Spiritual Formation For Kingdom Action

Walking with Saints and Sinners

by Abby Deatherage
https://worthsayingwell.wordpress.com/
@justabbyd

At the completion of my year living in England, I spent 7 days walking from Barcelos, Portugal to Santiago de Compostele, Spain before I flew back to London and from London, home to Washington, D.C.

The Portuguese Camino is a path well-trodden: for centuries, pilgrims ranging from kings and queens to humble, everyday churchgoers walked the ancient route on a pilgrimage to Santiago de Compostele, where St. James’ remains are said to be buried. It’s famous as one of many different routes to Santiago, and modern-day pilgrims are just as varied in vocation, nationality, and religious or spiritual beliefs. When I first decided to take on the walk, I saw it as a physical challenge and a unique experience. But as I realized that it came at the end of an important year of my life before I moved back to the States, I began to see it as an opportune time for reflection on the year past, as well as prayer for the year ahead.  Not long before I began, I received the opportunity to read a book by one of my mentors at the University of Virginia, Karen Marsh: Vintage Saints and Sinners: 25 Christians who Transformed my Faith.

I sat at the feet of Karen Marsh and listened all through my university years, and longed to be just like her. Each Friday, I and other university students walked down a shady street to her house, helped ourselves to fried chicken or lasagne, green salads, yummy cookies spread on her grand dining room table, and cover book 3D image jpegfound a seat to settle in (sometimes literally at her feet) in the Marsh’s living room. Once we were all settled, holding our readings for that day, Karen lit a candle and read to us, writings and thoughts from Christians of different eras, Christians whose walk, she believed, we could learn from; some whose lives were already known and others who were not as well known. With her calming, wise voice, she read to us and with piercing clarity, asked questions about our reactions to the sometimes challenging words of these “vintage Christians,” as she called them. Now, her book would take those Friday afternoons and turn them into written word and reflection, and I decided instantly to read chapters and reflect as I walked the Camino.

So we began, walking in the footsteps of ancient pilgrims, sometimes literally, sometimes figuratively as we walked over hills and through valleys, along the paved roads of hillside villages and cities or through quiet forest paths. We awoke in the early morning, setting out into the quiet street as the soft, chill rays of the sun were just awakening the sky; we walked in the cool morning air and silence that wrapped the world in its precious stillness, save for the occasional crow of a rooster. Through the morning hours, our feet carried us along the path, sometimes with nothing to mark it but a simple yellow arrow, pointing us on, until we arrived at our daily destination, about 20 kilometers and 6 hours from where we had begun that morning. It was green and lush; we passed rows and rows of hanging purpling grapes, not quite ripe, and trees laden with heavy growing fruit. Hard blue sky, warm summer sun, pressing onward hour after hour.

Those hours were long with nothing to do but walk and talk, and so I began reading Vintage Saints and Sinners along the way: around a chapter a day, as early as possible, so that Icould spend the day meditating over each sinner-saint’s words. Following the directive of the first chapter’s title, “Take a Long Walk,” I walked the path that saints and sinners had for centuries before me.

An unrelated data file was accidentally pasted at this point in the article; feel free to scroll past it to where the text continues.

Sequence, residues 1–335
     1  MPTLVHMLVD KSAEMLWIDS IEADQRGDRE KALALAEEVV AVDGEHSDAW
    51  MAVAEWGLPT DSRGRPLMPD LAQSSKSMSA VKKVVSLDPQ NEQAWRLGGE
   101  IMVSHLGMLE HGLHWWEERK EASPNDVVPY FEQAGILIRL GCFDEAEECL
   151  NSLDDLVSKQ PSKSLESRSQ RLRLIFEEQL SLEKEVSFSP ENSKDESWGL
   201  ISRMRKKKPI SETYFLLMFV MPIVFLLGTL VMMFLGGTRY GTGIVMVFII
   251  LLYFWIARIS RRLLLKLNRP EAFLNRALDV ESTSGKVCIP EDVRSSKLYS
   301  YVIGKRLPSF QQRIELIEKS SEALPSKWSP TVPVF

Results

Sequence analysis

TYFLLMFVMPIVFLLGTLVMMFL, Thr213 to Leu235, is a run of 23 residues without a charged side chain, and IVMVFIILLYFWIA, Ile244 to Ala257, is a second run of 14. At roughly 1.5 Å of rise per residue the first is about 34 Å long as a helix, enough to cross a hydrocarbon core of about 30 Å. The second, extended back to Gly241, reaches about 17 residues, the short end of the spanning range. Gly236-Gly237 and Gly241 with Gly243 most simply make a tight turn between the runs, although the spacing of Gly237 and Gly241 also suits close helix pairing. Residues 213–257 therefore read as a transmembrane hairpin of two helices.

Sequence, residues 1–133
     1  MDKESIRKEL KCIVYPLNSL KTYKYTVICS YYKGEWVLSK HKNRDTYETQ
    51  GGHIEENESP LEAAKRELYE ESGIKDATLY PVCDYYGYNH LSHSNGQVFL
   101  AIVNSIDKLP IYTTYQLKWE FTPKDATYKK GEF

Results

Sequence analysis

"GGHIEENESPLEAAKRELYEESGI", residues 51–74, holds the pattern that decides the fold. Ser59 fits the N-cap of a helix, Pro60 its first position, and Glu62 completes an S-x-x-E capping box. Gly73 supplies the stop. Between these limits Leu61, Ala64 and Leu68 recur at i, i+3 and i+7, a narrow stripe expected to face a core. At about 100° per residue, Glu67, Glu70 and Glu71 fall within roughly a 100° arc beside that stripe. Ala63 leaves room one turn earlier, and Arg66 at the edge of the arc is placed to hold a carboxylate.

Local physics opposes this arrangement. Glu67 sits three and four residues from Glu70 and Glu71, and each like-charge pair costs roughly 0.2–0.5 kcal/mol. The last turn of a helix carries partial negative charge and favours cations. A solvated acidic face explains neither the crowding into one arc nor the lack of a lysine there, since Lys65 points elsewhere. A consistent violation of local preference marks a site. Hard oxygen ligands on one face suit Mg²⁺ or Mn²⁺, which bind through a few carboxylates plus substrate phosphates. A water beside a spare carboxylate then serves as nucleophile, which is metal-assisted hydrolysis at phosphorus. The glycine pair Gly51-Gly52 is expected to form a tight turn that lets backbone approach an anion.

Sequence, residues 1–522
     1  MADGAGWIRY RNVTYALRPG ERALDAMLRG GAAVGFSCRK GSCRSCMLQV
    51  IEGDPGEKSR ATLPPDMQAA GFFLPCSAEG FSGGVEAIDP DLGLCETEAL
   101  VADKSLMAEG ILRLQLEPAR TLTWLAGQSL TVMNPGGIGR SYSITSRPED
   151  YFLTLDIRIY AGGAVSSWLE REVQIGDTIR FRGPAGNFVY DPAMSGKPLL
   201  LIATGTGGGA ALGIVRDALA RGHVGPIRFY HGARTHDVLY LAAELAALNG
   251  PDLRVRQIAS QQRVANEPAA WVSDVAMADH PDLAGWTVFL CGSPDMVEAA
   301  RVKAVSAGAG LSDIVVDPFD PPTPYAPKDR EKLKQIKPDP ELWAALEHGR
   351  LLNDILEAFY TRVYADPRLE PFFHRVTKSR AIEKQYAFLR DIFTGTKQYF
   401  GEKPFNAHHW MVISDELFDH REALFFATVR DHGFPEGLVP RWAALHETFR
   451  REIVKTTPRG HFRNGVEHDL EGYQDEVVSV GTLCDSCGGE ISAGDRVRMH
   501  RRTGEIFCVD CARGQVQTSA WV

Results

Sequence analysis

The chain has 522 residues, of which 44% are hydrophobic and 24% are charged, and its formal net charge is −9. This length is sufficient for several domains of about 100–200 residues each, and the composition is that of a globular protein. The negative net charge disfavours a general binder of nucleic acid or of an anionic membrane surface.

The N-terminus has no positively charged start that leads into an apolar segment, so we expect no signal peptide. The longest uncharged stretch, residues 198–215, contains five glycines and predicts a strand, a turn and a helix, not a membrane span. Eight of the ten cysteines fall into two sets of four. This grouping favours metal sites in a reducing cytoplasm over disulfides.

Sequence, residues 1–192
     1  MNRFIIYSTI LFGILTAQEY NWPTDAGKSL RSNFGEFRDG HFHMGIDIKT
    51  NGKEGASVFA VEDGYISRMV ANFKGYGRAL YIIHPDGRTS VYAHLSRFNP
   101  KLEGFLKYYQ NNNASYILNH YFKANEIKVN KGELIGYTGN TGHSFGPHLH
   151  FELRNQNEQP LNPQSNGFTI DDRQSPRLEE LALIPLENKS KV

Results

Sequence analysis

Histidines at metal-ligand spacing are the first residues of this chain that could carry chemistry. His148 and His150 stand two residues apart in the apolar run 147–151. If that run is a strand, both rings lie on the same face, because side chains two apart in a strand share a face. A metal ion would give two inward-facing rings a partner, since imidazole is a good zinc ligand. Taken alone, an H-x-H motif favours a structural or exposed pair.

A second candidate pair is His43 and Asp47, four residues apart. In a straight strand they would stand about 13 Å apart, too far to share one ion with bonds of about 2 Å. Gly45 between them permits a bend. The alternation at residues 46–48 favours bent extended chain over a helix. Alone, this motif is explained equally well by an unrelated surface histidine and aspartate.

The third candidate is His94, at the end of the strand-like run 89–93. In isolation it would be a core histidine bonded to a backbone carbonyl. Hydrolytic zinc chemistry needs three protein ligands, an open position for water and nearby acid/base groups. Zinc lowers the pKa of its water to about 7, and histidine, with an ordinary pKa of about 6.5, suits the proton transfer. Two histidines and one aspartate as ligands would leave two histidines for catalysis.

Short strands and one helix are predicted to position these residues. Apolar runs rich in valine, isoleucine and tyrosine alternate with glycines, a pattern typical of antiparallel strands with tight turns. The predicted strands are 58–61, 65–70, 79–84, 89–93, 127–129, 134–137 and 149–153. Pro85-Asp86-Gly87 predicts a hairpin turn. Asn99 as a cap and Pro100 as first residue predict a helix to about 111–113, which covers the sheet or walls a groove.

I learned from their footsteps and their thoughts, their mistakes and their trials. From Kierkegaard, I learned to pray as I walked. From Henri Nouwen, I was reminded of my position as the Beloved of God; from Therese of Lisieux, contentment in serving God despite difficulty; from Flannery O’Connor, the mystery of God (that was a contemplative day); from Augustine, the wrestling with sin and the desire to obey God. I read each chapter through once or twice, and they gave me new ways of looking at the world and at God as I walked. Karen is right: the sinner-saintscan teach us so much about the character of God, and the fallibility of humans.

As we followed each yellow arrow onward, passing highways, in quiet towns and between fields of corn, I thought and prayed about these lessons from those who had gonebefore me. I reflected on my own life, processing the past year I’ve spent in England and the experiences I’ve had. I thought about the future, how I want to be shaped and what I might want to do; how I desire to act and listen and learn.

Reading and walking, thinking and doing: the conversation between these two ideas is one I am constantly striving to keep open. I thought about my life while on the Camino; now I can act on those thoughts. But I’m learning, always learning, from older Christians, whether they are unknown to me on the pilgrimage, immortalized in the pages of Karen’s book, or people like Karen herself, wise and honest about their own journeys. It’s a reminder to learn from those older and wiser than me–their mistakes and their successes. And it’s a beautiful thing, to take such intentional time to learn and reflect, before I take those words and turn them into actions in the world. I’m savoring the experience, savoring the soul-searching and thankful for the guides along the way.

 

Join Coracle on our own walk on the Camino October 7-14!

God-Sightings
“God is here and he speaks!”

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